Shares in Barclays (New York Stock Exchange: BCS) fell to less than half of their tangible book value, after the lender admitted selling an additional $15.2 billion worth of structured notes and exchange-traded notes than what is permitted by the rules agreed with the Securities and Exchange Commission.
As a result, the bank had to halt the sale of new retail structured products in the United States, including not being able to issue new shares in many of its iPath series exchange-traded notes, such as the ‘iPath Series B S&P 500 VIX Short -Term Futures ETN (VXX) and iPath Pure Beta Crude Oil ETN (OIL) – two of its most popular ETNs.
And to get back to its regulatory limit, Barclays is required to repurchase the relevant securities at their original price, under what is known as a termination offer, at an expected net cost of £450 million ( ~$590 million) for itself.
The longer term cost to the bank is likely to be much higher, as indirect costs must also be considered. We must consider not only the impact of increased regulatory scrutiny on the bank, but also the lost business opportunities and reputational damage caused by its latest scandal.
The risk of a lengthy regulatory investigation, including the possibility of regulatory fines and enforcement action, also does not bode well for investor sentiment. Regulators could take a fresh look at the bank’s internal controls, and an investigation could cover a broader set of topics, including whether there had been sufficient oversight of all regulatory compliance risks and whether the culture of management was to blame.
This latest compliance lapse was significant enough to force management to delay the company’s planned £1 billion (~$1.30 billion) share buyback program. The takeaway for shareholders is to emphasize that regulatory risks are not behind us, reminding investors of the volatility and potential for unforeseen risks inherent in the bank’s operations.
Barclays stock is now trading at a steep discount to its peers, with a tangible price-to-book ratio of 0.49x and a forward P/E of 5.4. Of course, though, these valuation metrics don’t yet factor in the projected cost of this latest compliance breach or any analyst revisions to earnings estimates.
Yet, as things stand, it would still be possible for Barclays to achieve its target of medium-term return on tangible equity above 10%. After all, the net cost of repurchasing the affected securities at their original price would remove less than one percentage point from its 2022 RoTE and reduce its tangible book value by less than 1%.
Against this backdrop, rising interest rates are likely to more than offset the impact of the loss, as Barclays’ balance sheet is well positioned to benefit from higher interest rates. A parallel upward shift of 25 basis points in the yield curve is expected to add around £275m (~$360m) to net interest income in the first year, with profit rising to £525m. pounds sterling (~$680 million) after three years.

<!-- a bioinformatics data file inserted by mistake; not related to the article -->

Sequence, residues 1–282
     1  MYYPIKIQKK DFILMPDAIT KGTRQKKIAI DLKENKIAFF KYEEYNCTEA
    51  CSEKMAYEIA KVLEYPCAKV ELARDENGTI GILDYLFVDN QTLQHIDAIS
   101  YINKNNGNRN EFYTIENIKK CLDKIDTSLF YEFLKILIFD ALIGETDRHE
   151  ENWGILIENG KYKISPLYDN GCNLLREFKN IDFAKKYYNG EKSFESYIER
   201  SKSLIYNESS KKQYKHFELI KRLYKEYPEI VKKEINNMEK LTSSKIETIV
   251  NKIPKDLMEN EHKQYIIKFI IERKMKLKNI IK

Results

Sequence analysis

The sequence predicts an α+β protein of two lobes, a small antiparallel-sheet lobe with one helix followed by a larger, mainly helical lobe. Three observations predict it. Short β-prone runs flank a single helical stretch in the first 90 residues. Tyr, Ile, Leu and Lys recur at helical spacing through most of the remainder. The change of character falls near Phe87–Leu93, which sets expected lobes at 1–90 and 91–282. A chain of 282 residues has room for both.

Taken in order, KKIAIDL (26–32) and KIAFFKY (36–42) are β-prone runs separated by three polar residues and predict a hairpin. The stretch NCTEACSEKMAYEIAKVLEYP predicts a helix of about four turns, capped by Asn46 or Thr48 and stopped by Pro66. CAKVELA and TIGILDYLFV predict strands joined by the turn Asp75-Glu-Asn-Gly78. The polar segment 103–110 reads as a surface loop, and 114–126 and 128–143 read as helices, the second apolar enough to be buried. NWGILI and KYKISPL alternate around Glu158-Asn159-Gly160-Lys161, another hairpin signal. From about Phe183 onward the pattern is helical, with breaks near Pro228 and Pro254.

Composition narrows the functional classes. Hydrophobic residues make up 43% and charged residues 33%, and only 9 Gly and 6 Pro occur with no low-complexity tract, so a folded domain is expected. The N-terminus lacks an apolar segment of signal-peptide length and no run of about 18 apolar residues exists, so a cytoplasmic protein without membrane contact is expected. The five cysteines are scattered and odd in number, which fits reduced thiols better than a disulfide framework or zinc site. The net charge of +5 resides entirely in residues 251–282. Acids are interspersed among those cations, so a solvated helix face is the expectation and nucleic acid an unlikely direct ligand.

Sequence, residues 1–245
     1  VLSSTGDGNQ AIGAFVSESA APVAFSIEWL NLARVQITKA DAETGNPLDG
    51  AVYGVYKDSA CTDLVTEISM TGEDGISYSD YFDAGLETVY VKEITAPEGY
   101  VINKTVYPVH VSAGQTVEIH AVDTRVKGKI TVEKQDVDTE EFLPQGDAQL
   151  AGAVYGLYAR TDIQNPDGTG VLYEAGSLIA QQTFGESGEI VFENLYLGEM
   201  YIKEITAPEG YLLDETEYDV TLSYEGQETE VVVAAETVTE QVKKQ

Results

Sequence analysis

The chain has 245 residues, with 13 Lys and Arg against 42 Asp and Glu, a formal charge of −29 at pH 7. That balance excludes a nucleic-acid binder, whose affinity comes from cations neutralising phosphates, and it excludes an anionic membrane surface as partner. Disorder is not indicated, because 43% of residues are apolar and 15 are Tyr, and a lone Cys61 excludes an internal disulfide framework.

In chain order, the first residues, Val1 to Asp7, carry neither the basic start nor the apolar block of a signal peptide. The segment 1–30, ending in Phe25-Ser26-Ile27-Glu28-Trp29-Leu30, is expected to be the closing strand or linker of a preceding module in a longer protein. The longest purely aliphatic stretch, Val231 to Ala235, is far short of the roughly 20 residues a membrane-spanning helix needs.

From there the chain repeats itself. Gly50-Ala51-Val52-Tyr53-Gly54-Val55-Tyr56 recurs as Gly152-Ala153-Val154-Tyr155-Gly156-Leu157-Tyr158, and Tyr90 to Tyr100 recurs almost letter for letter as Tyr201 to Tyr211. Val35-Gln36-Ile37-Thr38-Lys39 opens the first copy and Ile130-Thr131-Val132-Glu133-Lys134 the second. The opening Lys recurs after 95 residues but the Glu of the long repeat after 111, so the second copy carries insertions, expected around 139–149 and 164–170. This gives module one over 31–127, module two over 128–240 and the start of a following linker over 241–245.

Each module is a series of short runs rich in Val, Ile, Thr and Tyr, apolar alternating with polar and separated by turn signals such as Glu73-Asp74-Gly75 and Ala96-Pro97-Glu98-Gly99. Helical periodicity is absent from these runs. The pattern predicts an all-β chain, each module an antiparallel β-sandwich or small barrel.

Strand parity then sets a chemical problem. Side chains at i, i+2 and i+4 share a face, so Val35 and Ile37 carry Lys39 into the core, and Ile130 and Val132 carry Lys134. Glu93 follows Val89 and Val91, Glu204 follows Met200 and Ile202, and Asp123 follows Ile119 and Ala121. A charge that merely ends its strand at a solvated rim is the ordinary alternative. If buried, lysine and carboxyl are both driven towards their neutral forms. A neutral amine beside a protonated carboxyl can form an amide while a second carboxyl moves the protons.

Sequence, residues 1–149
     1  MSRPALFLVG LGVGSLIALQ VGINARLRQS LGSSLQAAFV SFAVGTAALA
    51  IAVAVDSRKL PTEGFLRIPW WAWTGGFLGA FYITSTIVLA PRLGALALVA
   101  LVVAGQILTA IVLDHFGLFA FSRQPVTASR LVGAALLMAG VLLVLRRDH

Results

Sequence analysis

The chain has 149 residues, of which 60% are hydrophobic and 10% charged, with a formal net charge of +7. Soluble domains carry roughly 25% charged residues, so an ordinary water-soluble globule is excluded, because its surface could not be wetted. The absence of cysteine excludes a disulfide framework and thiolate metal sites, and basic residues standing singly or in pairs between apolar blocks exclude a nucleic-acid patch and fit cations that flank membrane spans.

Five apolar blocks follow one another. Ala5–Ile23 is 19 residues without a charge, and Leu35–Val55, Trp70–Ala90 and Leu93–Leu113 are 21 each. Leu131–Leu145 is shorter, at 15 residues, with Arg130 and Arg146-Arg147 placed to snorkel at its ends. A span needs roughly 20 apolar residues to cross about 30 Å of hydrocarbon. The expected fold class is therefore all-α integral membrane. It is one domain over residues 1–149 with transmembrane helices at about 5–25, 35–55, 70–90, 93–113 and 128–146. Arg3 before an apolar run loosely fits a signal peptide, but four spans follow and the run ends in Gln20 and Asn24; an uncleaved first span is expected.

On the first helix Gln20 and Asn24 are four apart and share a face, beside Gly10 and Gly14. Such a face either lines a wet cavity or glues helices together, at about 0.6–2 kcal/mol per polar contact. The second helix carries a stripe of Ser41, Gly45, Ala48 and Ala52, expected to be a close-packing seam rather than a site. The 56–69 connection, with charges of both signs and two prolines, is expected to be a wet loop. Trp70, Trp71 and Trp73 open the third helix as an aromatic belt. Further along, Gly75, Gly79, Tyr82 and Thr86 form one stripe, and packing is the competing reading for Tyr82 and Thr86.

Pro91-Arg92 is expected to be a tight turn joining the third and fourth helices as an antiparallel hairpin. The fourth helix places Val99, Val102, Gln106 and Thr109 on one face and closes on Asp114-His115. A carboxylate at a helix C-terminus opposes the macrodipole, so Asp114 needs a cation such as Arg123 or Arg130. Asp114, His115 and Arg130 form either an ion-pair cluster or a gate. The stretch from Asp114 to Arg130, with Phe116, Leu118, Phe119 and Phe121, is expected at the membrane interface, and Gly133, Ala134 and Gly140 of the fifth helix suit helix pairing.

Illustrative sensitivity of net interest income to parallel shifts in the yield curve (£m)
|Year 1||Year 2||Year 3|
|+25 basis points||+275||+375||+525|
Source: Barclays 2021 annual results presentation
About two-thirds of the NII’s profit from the illustrative 25 basis point change will be attributable to its UK retail banking, with the remainder coming from its consumer finance and investment banking business.
In its favour, Barclays is also well diversified and derives a much larger proportion of its revenue from fees and commissions than its peers – 63% in 2021. It has a lucrative credit card and payments business and the group is the sixth largest investment bank. , as measured by global royalty income in 2021.
There are also risks ahead. Macroeconomic expectations have been lowered in recent months, raising concerns about the financial health of businesses and consumers going forward. Inflationary pressures, particularly in the UK in relation to energy costs, could start to dampen loan growth and asset quality expectations.
The risk of a recession sooner rather than later cannot be ruled out, at a time when Barclays’ investment bank needs the current trading and trading frenzy to persist. Its investment bank recorded a return on tangible equity of 14.9% in 2021 – the first time it has achieved a RoTE of more than 10% since the financial crisis of 2008. There is not so For a long time, the unit had weighed on the group’s overall performance – its average 5-year RoTE was just 7.0% between 2015 and 2019.
With a cost/income ratio still high, at 66%, the risk of a slowdown in activity is real. Indeed, it wouldn’t take much of a revenue cut to lower its profitability below the double-digit level that investors expect to see.
Barclays’ high earnings risk profile means investors are demanding a valuation discount to its rivals. This discount has widened considerably over the past two weeks, but I see little reason for the gap to close any time soon. The bank must prove that it can sustainably generate a decent return year after year, and there is no shortcut for that.